Every dry season for over three decades a 1.5 kilometre bridge made completely of bamboo has been built across the Mekong River in Cambodia to join the rural community of Koh Paen to the city of Kampong Cham. Every year the bridge has been dismantled as the rising waters and monsoon storms make the Mekong into a roaring torrent. This bamboo bridge is a testament to community and ecological resilience. It embodies the skills of generations of builders and community members and signals what it means to live with the rhythms of nature making a light footprint.
In 2017 the bamboo bridge was built for the last time. A new permanent concrete bridge was built by the government with Chinese investment, bringing the benefits of regular and quick connection to markets, hospitals and facilities, but paving the way for property speculation and urban development of rural Koh Paen. In the film we follow three generations of bridge builders who tell stories of this unique sustainable infrastructure and the local economies and ecologies it sustained. Focusing on the last bridge builder, Mr Oun, we learn about the intricacies of traditional forms of sustainable living more in sync with the rhythms of local ecosystems like the river, the monsoon and the cycles of bamboo.
The Bamboo Bridge is a film that brings together observational and poetic modes of representation to tell a story of social transformation during times of rapid and unstoppable environmental change. The film portrays two worlds (rural Koh Pean Island and Kampong Cham the third largest city in Cambodia) both of which are changing rapidly with the times. These worlds were once connected by a seasonal bamboo bridge that was a cultural heritage of pride for local residents, now these two worlds are connected by a massive concrete bridge oblivious to the rhythms of nature. This bamboo bridge is telling an urgent and ancient story. Are we listening?
Teaser on Vimeo https://vimeo.com/243601859
The modern hyper-separation of economy from ecology has severed the ties that people have with environments and species that sustain life. A first step towards strengthening resilience at a human scale involves appreciating, caring for and repairing the longstanding ecological relationships that have supported life over the millennia. The capacity to appreciate these relationships has, however, been diminished by a utilitarian positioning of natural environments by economic science. This film is linked to a broader research project that aims to reframe economy–ecology relations, resituating humans within ecological communities and resituating non-humans in ethical terms. It advances the idea of community economies as opposed to capitalist economies.The narrative of the Bamboo Bridge will spark philanthropic interest among those whose aims parallel issues presented in the film. This includes those interested in: climate change; sustainable livelihoods; local resilience, South-East Asia; social change; diverse economies; and alternative economic activities.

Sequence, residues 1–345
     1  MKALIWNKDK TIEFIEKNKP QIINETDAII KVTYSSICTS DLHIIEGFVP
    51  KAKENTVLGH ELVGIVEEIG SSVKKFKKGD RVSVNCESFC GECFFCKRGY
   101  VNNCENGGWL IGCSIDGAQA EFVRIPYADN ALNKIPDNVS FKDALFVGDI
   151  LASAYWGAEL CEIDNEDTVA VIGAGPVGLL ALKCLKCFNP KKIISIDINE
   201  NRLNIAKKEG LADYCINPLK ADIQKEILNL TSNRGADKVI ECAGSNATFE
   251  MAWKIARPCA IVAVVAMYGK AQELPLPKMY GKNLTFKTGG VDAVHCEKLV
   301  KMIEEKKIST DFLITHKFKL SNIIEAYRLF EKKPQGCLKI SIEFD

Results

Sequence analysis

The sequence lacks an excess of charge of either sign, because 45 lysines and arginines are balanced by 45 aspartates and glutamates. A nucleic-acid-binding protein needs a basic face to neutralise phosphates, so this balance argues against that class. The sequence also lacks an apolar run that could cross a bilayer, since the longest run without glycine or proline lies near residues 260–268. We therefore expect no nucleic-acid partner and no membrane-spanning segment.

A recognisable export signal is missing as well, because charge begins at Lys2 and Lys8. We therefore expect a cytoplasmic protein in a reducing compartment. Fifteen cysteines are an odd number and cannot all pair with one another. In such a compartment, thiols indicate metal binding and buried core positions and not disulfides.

In Kampong Cham the future of sustainable livelihoods is at stake in times of climate change. Farming, fishing and sustainable growing and use of bamboo are being displaced by unsustainable economic practices that nevertheless bring development and access to facilities to rural communities. Lands and fish breeding areas have become warmer with hotter temperatures. In 2011, the same year that fish stocks started to diminish, the province experienced a drought that meant wells and reservoirs didn’t have enough water supply. There were unpredictable droughts, too, in the middle of a farming season in 2012 and 2013. In 2015, the flow of the Mekong River was not enough to provide adequate water to farms.
Aims & Objectives
This is a documentary film that aims to create awareness of the importance of sustainable livelihoods in building communities and the negative impacts of changing structures that have been in place for centuries. It will highlight issues confronting rural communities being affected by urban development and climate change.We aim to screen the film in national and international film festivals particularly those with a focus on climate change; sustainable livelihoods; local resilience, South-East Asia; social change; diverse economies; and alternative economic activities.
We aim to achieve a broad audience reach and positive social media engagement, highlighting the significance of the issues the film addresses. The film will be used as a way to engage with academia and research institutes to further understanding and influence policy making. The outcomes can be measured using quantitative and qualitative indicators, collected by the following methods: tracking the number of people viewing the documentary; the number of screenings we manage to have; facebook, twitter and website analytics; post-viewing surveys; media interest and speaking opportunities secured in the film industry, academic and other contexts.
Our film primarily targets an international audience with particular interest in climate change; sustainable livelihoods; South-East Asia; social change; and alternative economic activities. Key initiatives will include: entering the film in domestic and international film festivals as well as festivals with an emphasis on the issues the film addresses; promoting the film to our growing network of academics nationally and internationally and other relevant groups; encouraging our partners and associated organisations to host screenings; touring the film via conferences and seminars across Australian and international universities; pitching our film to TV stations such as SBS; development of a website, containing the entire documentary and links for further information; disseminating the film as part of the bigger research project we are embarked on.